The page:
Volkswagen said it will introduce a series of aftermarket accessories at its dealerships to give its freshened three-row Atlas crossover more of a rugged appearance.
Nearly 400 copies of the Atlas had been produced and were being shipped to dealers when Volkswagen temporarily halted production at its Chattanooga plant last month to help fight the spread of COVID-19.
Volkswagen first showed the Atlas update at the Chicago Auto Show in February.
The accessories are modeled after the Atlas Basecamp concept, first shown a year ago at the New York auto show. They include a two-tone front bumper guard, textured fender flares with integrated splash guards, side-door rocker panels and an upgraded rear valance with trailer hitch access.
The package also comes with special "Basecamp" badging. Upgraded alloy wheels and off-road tires are also available, the automaker said.
The accessory package, which will be available before summer, is designed to further differentiate the larger Atlas from the newly introduced two-row Atlas Cross Sport. The Atlas Cross Sport is about 5 inches shorter overall than the three-row Atlas, but the two vehicles are nearly indistinguishable from the B-pillar forward.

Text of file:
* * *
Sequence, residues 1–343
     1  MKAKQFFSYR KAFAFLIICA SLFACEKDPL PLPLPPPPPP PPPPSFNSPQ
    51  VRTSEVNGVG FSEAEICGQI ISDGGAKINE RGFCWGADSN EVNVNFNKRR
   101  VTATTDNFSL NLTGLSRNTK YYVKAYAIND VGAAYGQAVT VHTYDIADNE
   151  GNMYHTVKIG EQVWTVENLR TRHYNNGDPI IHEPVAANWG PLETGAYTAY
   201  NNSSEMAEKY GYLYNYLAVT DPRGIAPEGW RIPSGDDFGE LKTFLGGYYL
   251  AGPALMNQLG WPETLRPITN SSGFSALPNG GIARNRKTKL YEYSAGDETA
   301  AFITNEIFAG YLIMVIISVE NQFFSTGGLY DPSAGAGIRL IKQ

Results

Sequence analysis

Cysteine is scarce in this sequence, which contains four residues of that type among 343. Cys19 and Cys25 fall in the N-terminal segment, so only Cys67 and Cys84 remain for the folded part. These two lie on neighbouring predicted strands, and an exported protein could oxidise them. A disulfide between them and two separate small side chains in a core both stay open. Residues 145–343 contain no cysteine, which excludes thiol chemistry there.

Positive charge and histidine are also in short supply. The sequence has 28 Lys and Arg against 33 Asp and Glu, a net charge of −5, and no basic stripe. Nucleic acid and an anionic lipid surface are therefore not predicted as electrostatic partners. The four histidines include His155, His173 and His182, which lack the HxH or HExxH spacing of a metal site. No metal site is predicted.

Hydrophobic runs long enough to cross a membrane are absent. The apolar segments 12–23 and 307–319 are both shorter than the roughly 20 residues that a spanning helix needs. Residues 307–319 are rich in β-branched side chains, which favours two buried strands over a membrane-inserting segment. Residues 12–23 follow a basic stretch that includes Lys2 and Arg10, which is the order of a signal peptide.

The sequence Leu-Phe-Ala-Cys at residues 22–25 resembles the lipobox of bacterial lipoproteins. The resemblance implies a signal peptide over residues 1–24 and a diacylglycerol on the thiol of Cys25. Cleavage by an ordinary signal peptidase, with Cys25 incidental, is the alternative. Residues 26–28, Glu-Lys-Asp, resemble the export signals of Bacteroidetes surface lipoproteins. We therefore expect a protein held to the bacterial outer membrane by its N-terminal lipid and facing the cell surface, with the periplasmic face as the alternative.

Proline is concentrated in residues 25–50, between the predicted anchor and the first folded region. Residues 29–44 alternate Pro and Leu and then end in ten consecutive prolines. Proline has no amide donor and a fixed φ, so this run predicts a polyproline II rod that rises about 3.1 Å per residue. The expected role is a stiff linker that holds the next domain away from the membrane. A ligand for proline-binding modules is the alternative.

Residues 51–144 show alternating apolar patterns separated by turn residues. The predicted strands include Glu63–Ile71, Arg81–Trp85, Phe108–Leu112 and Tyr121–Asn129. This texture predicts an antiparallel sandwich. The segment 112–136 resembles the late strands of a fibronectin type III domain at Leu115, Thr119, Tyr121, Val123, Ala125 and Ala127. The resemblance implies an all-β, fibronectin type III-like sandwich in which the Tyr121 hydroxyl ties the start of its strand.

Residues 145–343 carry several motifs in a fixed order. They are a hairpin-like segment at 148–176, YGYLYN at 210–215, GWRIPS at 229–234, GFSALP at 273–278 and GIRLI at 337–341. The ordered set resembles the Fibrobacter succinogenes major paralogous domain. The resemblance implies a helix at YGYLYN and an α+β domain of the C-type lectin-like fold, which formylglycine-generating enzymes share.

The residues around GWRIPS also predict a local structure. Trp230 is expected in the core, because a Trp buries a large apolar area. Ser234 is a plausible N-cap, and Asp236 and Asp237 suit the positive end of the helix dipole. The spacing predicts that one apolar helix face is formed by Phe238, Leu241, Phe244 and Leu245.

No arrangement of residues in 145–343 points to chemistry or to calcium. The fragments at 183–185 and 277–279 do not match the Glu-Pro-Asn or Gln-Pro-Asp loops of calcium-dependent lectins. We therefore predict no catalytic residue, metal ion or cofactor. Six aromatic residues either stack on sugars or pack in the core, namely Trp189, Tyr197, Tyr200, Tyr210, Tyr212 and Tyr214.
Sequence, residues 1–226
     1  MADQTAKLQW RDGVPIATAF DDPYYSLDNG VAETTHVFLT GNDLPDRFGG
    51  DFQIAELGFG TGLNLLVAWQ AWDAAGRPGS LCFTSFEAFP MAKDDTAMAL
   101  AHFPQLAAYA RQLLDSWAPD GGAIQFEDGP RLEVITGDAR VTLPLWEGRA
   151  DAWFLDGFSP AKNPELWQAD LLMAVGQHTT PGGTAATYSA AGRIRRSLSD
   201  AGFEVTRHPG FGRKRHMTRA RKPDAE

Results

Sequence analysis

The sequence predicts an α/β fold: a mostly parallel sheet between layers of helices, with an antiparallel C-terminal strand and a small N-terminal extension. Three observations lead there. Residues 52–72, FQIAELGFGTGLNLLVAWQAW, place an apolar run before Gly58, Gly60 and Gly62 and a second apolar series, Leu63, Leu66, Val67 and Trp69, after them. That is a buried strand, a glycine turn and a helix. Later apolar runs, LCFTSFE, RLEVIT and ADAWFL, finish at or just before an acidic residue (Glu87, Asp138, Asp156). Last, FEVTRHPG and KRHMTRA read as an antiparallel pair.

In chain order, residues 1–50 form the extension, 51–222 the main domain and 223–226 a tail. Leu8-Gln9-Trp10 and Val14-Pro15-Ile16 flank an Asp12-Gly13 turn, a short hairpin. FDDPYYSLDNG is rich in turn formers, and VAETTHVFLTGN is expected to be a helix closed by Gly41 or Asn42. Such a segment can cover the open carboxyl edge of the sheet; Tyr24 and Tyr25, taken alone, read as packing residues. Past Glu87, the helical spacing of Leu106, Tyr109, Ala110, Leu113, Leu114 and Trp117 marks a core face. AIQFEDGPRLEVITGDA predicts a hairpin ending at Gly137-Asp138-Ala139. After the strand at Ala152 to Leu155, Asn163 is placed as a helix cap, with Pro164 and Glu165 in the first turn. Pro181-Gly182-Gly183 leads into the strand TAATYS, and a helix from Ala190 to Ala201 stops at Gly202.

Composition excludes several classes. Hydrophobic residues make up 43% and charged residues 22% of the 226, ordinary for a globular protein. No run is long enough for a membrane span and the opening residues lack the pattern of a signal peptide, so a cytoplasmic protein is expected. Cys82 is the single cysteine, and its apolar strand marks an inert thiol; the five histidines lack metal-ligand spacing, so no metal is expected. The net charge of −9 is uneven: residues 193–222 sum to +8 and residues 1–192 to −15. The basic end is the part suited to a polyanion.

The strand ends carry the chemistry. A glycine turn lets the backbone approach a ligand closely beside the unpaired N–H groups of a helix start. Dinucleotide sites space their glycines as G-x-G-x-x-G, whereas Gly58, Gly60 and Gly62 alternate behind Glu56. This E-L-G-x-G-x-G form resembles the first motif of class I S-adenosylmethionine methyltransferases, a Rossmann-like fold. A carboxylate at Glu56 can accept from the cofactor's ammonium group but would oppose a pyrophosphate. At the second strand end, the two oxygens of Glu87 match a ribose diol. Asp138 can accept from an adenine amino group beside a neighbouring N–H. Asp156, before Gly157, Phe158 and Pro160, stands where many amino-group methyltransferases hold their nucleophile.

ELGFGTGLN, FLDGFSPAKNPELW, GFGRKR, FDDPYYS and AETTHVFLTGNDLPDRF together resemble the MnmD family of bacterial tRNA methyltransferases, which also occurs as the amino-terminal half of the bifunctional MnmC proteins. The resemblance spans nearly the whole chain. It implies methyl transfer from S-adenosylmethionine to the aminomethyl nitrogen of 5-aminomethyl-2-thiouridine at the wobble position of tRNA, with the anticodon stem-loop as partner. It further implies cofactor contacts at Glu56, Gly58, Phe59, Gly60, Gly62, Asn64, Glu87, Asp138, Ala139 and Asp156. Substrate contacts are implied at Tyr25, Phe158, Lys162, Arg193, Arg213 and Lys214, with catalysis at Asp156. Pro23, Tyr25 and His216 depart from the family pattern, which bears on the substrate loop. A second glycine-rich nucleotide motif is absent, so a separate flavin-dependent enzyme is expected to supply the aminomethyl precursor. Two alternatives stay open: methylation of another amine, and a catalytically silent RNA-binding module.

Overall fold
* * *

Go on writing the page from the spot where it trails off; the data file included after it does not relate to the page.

"What we've also decided to do with the Atlas face-lift is we wanted to give the customer the ability to further customize the vehicle a little bit," said Hein Schafer, senior vice president of product marketing and strategy at Volkswagen of America. "We figured that maybe we would try to create a cool cosmetic package for the Atlas that actually takes it in the opposite direction and makes it look a little bit more rugged."
The Basecamp package, sold together, would retail for about $2,500, Schafer said, with the optional wheels adding another $1,000.
Like other automakers, Volkswagen is scrambling to reset its product calendar because of the ongoing global effects of the COVID-19 pandemic. The automaker's European arm has delayed the introduction of the ID3, its first battery-electric vehicle built on the new modular MEB platform, until August. That change has pushed against the rollout of the ID4 compact crossover, which Volkswagen had planned to bring to the U.S. at the end of this year.
The automaker also is working to launch an as-yet-unnamed subcompact crossover that will be slightly smaller than its Tiguan. That vehicle is likely to be shown for the first time this fall, will be built in Mexico and is scheduled to enter the market in 2021 as a 2022 model.